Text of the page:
The oft-used idiom of the title, bandied since the Blickling Homilies in 971 A.D., essentially translates as “not under any circumstances”, which is pretty much when I’m going to be able to confidently participate in a pickup game of Coiffeur, a variant of the 36-card Swiss national card game known as Jass.
But that’s just a personal viewpoint. Plenty of people in Switzerland do play Jass, some three million according to the Swiss government, and if it’s not for love or money, I have no idea why anyone would otherwise subject themselves to such a mind-numbingly complex sortie with the pasteboards.
Jass originated in the Netherlands and was brought to Switzerland in the last third of the 18th century by Swiss Protestant mercenaries in Dutch service. The Dutch word ‘Jas(s)’ is akin to ‘farmer’, and initially was the name of the highest trump card, the Jack; the Swiss word for the trump nine, ‘Näll’ (Nell), was also a Dutch loan (possibly an attenuation of ‘manelle’, describing the second-highest trump card in the game Ombre). The first mention of Jass in Switzerland was in 1796 in Siblingen, Schaffhausen, where two farmers were sued by the city council for drinking wine and playing a card game called ‘Jassen’. Hardly an auspicious debut.
You’ve heard of the Röstigraben (‘Rösti ditch’, the cultural line dividing French and German Switzerland)? Well, there’s also a ‘Jassgraben’, which demarcates the areas that use the German, or ‘Catholic’, suits of Bells, Shields, Roses and Acorns from those that use French-style cards, featuring ordinary suits. The boundary is not along the language border, as logic might dictate, but along the old Protestant-Catholic division between Burgundian French Switzerland and Alemmanic eastern Switzerland. Today French cards predominate west of the Bruenig-Napf-Reuss line in the French-speaking parts of Switzerland, but also in the German-speaking parts of Valais, Fribourg and Bern; the cantons of Solothurn, Basel, Thurgau, Graubuenden, and Ticino; and around half of the Aargau.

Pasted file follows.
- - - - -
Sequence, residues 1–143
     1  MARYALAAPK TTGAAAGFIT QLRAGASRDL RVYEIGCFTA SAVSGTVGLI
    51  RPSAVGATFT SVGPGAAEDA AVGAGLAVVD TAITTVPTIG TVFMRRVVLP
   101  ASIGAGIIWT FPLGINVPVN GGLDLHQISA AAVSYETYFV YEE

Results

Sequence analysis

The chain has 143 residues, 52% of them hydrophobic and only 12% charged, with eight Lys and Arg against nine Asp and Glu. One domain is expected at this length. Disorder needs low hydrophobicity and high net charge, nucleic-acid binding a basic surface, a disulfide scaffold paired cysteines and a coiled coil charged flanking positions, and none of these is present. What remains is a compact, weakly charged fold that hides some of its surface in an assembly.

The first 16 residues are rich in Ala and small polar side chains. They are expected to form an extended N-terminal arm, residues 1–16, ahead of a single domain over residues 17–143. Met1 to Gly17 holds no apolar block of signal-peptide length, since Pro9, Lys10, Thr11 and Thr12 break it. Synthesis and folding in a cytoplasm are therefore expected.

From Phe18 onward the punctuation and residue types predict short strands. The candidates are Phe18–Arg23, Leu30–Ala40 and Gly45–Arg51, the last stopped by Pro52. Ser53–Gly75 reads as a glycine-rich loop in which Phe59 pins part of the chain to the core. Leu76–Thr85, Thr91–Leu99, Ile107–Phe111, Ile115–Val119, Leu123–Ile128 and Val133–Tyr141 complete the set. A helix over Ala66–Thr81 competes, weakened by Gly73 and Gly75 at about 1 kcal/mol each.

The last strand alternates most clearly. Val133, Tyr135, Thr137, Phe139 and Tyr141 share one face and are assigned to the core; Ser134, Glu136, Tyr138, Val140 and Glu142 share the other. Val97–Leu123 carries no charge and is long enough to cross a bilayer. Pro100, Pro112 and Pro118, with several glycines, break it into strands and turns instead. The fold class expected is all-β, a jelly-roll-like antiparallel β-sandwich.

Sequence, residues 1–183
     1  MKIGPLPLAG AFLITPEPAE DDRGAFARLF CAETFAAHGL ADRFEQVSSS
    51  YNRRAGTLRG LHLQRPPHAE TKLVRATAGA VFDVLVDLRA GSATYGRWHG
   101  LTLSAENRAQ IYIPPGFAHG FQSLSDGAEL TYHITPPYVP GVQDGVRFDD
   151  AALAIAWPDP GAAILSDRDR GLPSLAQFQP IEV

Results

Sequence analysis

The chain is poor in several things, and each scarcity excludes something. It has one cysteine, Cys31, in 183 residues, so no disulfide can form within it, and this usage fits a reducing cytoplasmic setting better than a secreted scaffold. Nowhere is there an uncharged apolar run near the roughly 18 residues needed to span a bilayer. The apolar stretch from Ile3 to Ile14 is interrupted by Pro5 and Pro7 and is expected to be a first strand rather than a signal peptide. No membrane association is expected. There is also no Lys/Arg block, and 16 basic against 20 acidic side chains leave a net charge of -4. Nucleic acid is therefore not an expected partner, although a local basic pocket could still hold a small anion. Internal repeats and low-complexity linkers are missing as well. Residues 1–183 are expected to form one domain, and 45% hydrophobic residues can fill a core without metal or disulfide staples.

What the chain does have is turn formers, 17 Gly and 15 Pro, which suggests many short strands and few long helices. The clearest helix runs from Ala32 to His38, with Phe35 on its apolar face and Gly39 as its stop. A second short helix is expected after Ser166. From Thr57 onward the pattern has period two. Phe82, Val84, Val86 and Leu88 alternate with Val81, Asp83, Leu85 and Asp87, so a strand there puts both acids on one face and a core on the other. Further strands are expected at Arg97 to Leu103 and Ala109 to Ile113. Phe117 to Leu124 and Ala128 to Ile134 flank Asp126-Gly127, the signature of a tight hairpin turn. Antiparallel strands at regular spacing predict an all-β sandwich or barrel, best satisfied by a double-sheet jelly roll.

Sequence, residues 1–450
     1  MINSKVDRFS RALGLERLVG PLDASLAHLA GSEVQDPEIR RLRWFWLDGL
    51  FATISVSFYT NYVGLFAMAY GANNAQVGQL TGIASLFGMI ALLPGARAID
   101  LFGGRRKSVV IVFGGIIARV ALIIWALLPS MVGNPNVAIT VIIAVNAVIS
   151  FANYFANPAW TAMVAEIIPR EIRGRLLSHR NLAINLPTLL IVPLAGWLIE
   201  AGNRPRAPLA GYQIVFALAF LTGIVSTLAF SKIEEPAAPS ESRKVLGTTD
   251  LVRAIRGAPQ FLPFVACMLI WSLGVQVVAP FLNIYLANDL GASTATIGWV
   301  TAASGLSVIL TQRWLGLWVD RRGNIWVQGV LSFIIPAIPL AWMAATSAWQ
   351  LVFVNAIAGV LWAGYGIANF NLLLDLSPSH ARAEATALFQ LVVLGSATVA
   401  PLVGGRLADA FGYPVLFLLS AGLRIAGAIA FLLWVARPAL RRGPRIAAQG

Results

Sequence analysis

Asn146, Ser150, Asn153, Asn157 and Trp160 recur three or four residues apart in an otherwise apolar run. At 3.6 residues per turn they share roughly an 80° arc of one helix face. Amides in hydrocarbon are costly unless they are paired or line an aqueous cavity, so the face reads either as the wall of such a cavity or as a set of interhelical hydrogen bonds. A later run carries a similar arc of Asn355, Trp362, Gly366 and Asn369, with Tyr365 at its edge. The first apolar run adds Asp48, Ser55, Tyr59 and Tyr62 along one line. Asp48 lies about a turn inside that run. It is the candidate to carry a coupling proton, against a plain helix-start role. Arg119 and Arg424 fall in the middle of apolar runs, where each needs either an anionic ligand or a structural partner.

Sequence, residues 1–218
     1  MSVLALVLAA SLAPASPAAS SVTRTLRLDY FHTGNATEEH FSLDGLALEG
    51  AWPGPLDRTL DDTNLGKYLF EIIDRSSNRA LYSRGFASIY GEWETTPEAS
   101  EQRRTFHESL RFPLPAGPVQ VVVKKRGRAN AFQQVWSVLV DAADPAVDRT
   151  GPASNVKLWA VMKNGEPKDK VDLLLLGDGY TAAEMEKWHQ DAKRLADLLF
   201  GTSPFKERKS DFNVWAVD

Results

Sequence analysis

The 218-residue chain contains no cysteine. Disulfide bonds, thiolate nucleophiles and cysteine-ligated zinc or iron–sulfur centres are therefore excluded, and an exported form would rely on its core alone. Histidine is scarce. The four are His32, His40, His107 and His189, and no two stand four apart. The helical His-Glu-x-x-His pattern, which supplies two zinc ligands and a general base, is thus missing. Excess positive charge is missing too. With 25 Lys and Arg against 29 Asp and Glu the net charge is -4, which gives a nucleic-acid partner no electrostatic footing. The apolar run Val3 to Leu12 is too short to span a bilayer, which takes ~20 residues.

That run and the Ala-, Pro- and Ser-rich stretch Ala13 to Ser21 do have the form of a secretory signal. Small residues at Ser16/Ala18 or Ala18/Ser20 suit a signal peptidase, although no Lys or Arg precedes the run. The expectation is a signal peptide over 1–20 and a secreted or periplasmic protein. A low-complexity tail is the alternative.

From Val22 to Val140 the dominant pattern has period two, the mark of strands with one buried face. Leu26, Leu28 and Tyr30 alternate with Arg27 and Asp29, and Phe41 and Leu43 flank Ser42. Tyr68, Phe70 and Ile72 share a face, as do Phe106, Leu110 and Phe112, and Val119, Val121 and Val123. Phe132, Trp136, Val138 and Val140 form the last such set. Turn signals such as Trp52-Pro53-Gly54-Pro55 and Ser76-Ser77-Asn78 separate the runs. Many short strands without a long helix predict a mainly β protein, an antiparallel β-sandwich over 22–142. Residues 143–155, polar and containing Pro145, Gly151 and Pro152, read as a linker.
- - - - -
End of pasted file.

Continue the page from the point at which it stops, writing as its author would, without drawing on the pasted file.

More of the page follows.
Over the course of time, more than seventy variations of Jass were developed, and each region, and even each valley, tenaciously defended its own version. In order to facilitate supra-regional Jass gaming, and to counteract the frequent and vehement rule disputes which often flared up, in 1936 the 'Schweizerische Wirteverein' (Swiss Hosts Association) published the generally-accepted 'Swiss Jass Regulations', which contained 20 different variations of Jass. Interestingly, these regulations came into force before to the Federal Criminal Code in Switzerland.
The most widespread variation is Schieber (push or slide), a common four-hand point-trick game employing trumps. Coiffeur (Hairdresser), with its sub-variants of Gusti, Mittendurch, Tutti or Marie, comes from the French 'Quoi faire?' (What to do?), which requires one to decide where to tactically deploy your cards to yield the greatest advantage. Differenzeler is the supreme discipline. Players call their point goal in the beginning of the game, and after twelve games the player with the lowest difference wins.
Jass is played by young and old, in tournaments, taverns and living rooms, promoting conviviality and mental stimulation. Proficient playing requires a good poker-face, swift recall of cards played, and an uncanny ability to read both partners and opponents. It is so popular that since 1968 it has had its own Saturday show, ‘Samschtig-Jass’, one of the longest running entertainment programmes continuously broadcast in German-speaking countries.
So, the next time you see a cheery group of Saaners shuffling decks at the local Stammtisch, know that it may not be simply for lust or lucre, but just plain fun.